# Recurrence Upper Bound Estimation

I'm going through CLRS and was trying to solve for the asymptotic bound of the following recurrence (exercise 4-5.4) $$T(n) = 4T(n/2) + n^2\text{lg }n$$

According to CLRS definition of Master Theorem, I understood how case 2 doesn't apply here because $$n^2\text{lg }n$$ is not polynomially larger than $$n^2$$. According to wikipedia's definition of Master theorem, I understand that this would be case 2a; so the asymptotic notation of the recurrence would be $$\Theta(n^2\text{lg}^{2}n)$$. However, before going to Wikipedia, I tried to find an upper bound myself. Here's the work I did to try and show that $$T(n)=O(n^2\text{lg }n)$$ by induction.

\begin{align*} T(n/2) &\leq c\left(\frac{n}{2}\right)^{2}\text{lg}\left(\frac{n}{2}\right) \hspace{6em}\text{Assume inductive step}\\ T(n) &\leq cn^2\text{lg}\left(\frac{n}{2}\right)+kn^2\text{lg }n \\ &\leq cn^2\text{lg}n-cn^2\text{lg }2+kn^2\text{lg }n \\ &\leq (c+k)n^2\text{lg }n\hspace{7em}\text{Drop negative term} \end{align*}

After solving problems, I usually check my answers here, as I think Rutgers does a great job showing work. However, all the answers I can find online (including Rutgers) for this exercise only seem to show the upper bound $$O(n^2\text{lg}^{2}n$$). Their work doesn't necessarily contradict the work that I showed, because they are proving an upper bound. However, Wikipedia contradicts my work because they give a tight bound with $$\Theta$$-notation.. I have asked my friends and online AI to check my work (the latter of which is just awful), and they can't seem to find any point they disagree on. Is my work misunderstanding the role of constants for the recurrence equation? I think it's trivial that $$n^2\text{lg }n = o(n^2\text{lg}^{2}n)$$... I just can't find where my work goes wrong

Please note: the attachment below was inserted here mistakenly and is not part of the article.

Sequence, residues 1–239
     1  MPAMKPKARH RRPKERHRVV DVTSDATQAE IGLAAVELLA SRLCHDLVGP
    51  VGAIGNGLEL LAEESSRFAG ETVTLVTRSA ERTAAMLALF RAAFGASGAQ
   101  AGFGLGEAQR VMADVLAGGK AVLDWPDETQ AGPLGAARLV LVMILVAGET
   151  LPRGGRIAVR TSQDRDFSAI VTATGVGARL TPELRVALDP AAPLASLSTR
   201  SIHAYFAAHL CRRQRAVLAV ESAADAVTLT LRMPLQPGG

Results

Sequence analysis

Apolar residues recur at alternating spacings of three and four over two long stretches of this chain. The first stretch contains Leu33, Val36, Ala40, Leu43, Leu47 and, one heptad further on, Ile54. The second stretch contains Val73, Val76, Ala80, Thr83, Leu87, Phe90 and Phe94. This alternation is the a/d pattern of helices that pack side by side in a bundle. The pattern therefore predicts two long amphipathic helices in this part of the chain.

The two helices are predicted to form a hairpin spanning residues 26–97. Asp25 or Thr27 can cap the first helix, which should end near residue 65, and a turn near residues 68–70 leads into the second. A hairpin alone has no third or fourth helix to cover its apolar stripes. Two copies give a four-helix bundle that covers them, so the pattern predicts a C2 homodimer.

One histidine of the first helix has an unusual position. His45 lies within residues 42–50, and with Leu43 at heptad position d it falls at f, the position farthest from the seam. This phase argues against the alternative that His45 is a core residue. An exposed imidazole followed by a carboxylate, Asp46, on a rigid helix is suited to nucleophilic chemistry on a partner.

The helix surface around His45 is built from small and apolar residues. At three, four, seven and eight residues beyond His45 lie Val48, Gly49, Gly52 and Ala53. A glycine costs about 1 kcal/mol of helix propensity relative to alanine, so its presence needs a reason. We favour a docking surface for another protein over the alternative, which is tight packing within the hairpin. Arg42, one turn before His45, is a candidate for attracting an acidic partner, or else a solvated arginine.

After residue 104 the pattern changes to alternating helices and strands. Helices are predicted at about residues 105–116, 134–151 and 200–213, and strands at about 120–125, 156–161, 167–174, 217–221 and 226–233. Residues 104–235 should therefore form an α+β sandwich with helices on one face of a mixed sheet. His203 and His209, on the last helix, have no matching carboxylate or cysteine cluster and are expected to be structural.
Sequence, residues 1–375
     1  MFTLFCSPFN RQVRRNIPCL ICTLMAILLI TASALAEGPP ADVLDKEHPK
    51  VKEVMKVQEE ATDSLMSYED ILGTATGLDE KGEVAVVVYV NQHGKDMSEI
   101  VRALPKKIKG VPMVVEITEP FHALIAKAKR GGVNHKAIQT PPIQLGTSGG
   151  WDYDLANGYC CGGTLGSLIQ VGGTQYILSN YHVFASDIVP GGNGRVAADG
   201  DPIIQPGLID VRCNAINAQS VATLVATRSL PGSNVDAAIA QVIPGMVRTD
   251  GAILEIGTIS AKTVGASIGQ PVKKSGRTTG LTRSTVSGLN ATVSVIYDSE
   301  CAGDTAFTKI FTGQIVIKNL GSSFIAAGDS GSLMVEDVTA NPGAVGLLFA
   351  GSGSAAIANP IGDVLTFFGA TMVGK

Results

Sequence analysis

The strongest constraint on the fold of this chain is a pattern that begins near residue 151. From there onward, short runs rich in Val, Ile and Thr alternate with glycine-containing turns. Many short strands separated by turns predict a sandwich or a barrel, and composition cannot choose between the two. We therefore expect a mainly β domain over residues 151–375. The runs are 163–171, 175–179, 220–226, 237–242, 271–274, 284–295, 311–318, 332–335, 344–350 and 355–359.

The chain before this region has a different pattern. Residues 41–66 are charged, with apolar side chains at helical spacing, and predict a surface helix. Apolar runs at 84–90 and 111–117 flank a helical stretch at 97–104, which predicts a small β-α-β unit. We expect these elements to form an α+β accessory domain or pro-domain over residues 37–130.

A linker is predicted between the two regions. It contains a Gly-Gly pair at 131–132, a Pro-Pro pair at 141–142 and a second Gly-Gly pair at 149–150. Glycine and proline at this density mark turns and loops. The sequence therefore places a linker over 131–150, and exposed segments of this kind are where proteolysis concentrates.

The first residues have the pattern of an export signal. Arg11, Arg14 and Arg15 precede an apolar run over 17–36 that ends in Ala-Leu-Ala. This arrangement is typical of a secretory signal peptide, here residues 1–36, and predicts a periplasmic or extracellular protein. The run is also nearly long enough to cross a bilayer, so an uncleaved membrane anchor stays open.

• What is $k$? I assume it's a constant? If so, you cannot change the constant along the way, the same constant $c$ must apply to every $n$. That is, $c + k$ is larger than $c$, so $T(n)$ does not satisfies the inductive hypothesis. If we follow your argument for every $n$, the constant keeps increasing with $n$, so it's not a constant. Commented Jun 10 at 3:52
• So essentially the inductive step must use the same constant as the assumption (which was c) and if it doesn't then the proof is invalid? Commented Jun 10 at 16:11
• Yes exactly, $c$ could be any constant but it has to remain the same constant for every $n$. This is because the statement to prove is something like "There exists $c$ such that, for every $n$, $T(n) \leq c n^2 \lg n)$.". Commented Jun 11 at 20:33

The guess $$T(n) \le cn^2\lg n$$ does not work. Suppose it does, then we need to show the following:
\begin{aligned} 4c(n/2)^2\lg(n/2) + n^2\lg n & \le cn^2\lg n\\ \implies (c+1)n^2\lg n - cn^2 & \le cn^2\lg n\\ \implies n & \le 2^c\\ \end{aligned} This is a contradiction.
Whereas the guess $$T(n) \le cn^2(\lg n)^2$$ does work. I leave the verification upto reader (also given in the solution link mentioned above).